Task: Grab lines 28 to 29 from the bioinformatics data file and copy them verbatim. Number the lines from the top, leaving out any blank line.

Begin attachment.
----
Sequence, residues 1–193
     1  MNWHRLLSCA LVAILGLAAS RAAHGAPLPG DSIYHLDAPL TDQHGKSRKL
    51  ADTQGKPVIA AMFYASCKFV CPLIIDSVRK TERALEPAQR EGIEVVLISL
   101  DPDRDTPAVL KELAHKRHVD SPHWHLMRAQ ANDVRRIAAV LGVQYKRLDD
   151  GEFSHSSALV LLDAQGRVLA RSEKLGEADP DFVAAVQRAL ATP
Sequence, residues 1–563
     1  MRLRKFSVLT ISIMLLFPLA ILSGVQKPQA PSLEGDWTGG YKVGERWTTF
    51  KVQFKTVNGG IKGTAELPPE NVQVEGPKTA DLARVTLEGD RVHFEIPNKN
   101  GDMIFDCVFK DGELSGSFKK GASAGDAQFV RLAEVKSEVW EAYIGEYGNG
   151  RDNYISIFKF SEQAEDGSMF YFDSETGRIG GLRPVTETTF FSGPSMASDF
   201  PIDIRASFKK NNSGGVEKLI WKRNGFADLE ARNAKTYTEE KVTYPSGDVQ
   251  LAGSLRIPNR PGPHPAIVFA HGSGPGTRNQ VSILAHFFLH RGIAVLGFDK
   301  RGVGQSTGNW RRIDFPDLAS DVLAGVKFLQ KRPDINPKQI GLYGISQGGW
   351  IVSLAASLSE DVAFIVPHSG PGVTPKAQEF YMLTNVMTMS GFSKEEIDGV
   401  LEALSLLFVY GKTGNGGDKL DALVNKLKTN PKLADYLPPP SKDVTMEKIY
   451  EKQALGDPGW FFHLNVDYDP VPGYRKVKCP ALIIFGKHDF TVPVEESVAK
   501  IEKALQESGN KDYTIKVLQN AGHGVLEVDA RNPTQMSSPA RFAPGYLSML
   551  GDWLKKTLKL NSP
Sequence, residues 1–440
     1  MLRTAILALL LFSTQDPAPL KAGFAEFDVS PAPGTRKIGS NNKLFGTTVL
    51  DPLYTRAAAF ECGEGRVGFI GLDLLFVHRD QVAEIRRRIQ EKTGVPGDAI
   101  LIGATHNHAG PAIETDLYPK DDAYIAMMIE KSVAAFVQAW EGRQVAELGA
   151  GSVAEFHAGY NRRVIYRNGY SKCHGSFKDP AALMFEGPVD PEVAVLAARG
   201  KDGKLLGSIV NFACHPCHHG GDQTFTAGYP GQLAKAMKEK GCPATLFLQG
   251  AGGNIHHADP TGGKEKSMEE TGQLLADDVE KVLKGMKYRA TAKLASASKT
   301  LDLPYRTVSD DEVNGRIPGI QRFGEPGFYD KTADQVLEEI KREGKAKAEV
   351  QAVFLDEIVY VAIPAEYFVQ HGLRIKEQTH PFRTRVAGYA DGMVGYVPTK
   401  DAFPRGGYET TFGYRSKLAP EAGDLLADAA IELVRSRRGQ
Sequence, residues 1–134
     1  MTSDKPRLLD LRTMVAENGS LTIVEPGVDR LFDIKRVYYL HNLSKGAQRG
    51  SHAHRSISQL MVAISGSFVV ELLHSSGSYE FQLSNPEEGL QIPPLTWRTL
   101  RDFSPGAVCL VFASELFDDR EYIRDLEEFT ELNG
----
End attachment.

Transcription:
   401  DAFPRGGYET TFGYRSKLAP EAGDLLADAA IELVRSRRGQ
Sequence, residues 1–134